Collecting Human-Factors Data From Accidents and Incidents
- Rachael Gordon (U. of Aberdeen) | Rhona Flin (U. of Aberdeen) | Kathryn Mearns (U. of Aberdeen)
- Document ID
- Society of Petroleum Engineers
- SPE Production & Facilities
- Publication Date
- May 2001
- Document Type
- Journal Paper
- 73 - 83
- 2001. Society of Petroleum Engineers
- 6.2.8 Ergonomics, 6.1.2 HSSE Reorting, 4.1.5 Processing Equipment, 4.5.5 Installation Equipment and Techniques, 6.1 HSSE & Social Responsibility Management, 4.1.2 Separation and Treating, 6.1.5 Human Resources, Competence and Training, 7.2.1 Risk, Uncertainty and Risk Assessment, 4.3.4 Scale
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To investigate human and organizational factors in offshore accidents, two human-factors incident reporting forms were developed and evaluated. The Open Reporting Form (ORF) contained 11 open questions and the Comprehensive Reporting Form (CRF) contained 166 questions/potential causal categories. Both forms were tested on five U.K. offshore installations where personnel involved in an incident were asked to complete one. Using statistical techniques, the form with more structured questions was found to provide 66% more information than the participating company's existing reporting form. Results of the research are described focusing on potential benefits for the offshore oil industry.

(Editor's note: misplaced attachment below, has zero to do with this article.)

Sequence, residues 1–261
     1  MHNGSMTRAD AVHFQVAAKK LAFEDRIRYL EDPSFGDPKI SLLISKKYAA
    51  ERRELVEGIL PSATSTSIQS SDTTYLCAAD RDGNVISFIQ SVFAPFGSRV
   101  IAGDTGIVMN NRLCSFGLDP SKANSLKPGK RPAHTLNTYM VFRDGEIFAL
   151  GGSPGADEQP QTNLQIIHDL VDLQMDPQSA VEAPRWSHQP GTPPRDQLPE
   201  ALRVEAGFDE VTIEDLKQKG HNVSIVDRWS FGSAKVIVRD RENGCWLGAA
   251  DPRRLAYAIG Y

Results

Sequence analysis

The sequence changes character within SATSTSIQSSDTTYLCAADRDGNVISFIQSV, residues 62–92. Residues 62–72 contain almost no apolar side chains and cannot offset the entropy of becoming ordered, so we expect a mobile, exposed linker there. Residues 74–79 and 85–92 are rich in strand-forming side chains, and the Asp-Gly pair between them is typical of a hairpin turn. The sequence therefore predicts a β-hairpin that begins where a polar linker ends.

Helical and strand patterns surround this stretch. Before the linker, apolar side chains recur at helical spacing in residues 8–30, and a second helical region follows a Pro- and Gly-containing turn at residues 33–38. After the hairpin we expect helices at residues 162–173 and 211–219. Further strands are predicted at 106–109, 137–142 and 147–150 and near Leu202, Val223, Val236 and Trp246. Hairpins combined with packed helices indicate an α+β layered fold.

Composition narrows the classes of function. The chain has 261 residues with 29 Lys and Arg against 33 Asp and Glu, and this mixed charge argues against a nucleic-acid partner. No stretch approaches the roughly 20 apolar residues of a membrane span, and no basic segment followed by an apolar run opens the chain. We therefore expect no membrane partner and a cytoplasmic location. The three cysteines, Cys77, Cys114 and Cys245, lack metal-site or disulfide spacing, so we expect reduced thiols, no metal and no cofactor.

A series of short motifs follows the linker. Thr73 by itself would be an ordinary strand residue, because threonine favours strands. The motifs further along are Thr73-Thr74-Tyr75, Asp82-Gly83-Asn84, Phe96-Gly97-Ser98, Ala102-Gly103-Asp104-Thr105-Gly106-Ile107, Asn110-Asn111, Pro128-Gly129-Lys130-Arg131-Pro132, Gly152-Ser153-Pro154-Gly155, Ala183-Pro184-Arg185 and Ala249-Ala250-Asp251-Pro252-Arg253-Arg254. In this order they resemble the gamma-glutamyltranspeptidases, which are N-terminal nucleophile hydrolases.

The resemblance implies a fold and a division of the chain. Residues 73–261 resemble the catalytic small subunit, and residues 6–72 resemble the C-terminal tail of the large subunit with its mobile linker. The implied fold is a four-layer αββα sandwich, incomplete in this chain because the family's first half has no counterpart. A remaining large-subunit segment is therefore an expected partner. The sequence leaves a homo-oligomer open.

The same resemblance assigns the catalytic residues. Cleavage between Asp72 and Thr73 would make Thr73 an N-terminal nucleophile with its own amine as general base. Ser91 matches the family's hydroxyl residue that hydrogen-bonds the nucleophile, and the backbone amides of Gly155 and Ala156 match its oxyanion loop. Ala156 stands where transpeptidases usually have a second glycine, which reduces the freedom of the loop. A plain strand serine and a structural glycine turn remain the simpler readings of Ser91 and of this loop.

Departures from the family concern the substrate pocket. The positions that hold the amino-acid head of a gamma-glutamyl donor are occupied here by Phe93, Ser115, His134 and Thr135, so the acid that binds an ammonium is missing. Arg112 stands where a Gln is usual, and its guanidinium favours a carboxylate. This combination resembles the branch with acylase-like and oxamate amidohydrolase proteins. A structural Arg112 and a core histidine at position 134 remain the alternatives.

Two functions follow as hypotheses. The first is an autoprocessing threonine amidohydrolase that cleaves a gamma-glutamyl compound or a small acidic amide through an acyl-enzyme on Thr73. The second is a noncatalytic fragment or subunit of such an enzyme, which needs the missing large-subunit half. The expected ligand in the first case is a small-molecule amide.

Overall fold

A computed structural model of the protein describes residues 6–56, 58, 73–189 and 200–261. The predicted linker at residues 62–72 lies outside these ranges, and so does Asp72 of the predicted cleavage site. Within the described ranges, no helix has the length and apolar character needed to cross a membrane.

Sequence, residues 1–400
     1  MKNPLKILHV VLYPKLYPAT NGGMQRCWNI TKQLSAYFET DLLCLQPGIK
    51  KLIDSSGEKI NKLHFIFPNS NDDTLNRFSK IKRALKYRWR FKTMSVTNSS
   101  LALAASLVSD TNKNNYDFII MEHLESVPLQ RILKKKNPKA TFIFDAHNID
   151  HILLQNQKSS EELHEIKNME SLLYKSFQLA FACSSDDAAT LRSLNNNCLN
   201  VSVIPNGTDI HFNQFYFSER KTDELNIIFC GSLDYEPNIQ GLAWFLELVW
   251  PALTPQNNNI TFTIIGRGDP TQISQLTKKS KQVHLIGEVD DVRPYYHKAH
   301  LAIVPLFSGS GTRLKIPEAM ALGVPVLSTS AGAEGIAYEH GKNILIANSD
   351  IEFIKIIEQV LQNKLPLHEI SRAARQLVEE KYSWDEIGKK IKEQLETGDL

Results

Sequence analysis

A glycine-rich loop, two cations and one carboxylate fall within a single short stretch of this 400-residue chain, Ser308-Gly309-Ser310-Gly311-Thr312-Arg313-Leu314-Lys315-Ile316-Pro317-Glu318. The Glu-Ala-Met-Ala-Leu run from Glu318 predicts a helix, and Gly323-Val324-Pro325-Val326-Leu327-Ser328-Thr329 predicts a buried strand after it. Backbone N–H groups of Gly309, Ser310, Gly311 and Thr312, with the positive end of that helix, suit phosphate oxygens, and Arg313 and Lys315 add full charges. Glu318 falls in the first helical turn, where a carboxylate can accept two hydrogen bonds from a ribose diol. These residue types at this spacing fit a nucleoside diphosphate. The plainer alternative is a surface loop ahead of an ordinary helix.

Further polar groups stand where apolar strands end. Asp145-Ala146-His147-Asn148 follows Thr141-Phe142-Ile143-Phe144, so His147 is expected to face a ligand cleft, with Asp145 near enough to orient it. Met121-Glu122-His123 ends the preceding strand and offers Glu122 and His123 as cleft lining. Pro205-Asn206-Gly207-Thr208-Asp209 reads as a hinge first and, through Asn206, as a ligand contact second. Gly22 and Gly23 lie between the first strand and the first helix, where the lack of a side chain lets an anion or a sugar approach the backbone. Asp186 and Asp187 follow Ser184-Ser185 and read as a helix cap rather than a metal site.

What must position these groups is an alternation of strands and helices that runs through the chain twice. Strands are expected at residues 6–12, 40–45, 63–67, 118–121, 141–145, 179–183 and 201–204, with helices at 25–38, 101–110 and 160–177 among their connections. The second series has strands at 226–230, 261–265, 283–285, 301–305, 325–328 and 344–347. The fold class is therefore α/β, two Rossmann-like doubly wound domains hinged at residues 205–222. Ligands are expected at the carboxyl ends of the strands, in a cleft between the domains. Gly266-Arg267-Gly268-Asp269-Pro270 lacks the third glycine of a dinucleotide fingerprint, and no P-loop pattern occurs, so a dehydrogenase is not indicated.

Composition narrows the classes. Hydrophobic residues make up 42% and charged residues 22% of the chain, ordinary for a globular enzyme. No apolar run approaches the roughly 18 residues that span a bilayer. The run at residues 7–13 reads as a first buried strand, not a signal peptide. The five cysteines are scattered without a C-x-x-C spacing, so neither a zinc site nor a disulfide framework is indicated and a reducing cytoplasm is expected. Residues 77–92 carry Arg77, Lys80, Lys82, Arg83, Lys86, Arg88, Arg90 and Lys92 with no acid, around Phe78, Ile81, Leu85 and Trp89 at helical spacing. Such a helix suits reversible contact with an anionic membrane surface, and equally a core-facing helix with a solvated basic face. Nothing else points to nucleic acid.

Previous research has found that human error is a cause in 90% of industrial accidents.1 Despite this, analyses of large accident databases still tend to focus on the types of injuries and operations which were carried out at the time of the accident. Causal analysis, especially of the human and organizational factors which may have led to the accident and are not always easily identifiable, is often overlooked. Collection of accurate accident data is seen as an important step for the improvement of industrial safety. Industries, such as the offshore oil industry, have accident-reporting systems which are vulnerable to underreporting, have incomplete recordings, and may not provide a complete picture of the conditions under which accidents take place.2 There is currently no standard accident-reporting form in existence across the oil industry. Companies tend to develop their own specific forms. Despite this, the majority of companies operating on the U.K. continental shelf (CS) base their accident-reporting system on the Intl. Safety Rating Systems (ISRS) Intl. Loss Control Inst. (ILCI) system,3 which along with other systems in use, lacks a firm, theoretical framework containing psychological factors. Although information produced from current accident-reporting forms is extensive, its quality and quantity concerning the human-factors causes of accidents is generally poor in a number of ways, such as the sparse inclusion of human-factors codes and the lack of understanding of these codes when present. The ultimate purpose of this work is to improve accident analysis to learn from previous incidents and consequently reduce the likelihood of similar incidents recurring. Data collected through this system will be structured in the hope that companies will be able to analyze weaknesses in their safety-management systems and have a greater awareness of the root causes of accidents in the offshore oil industry.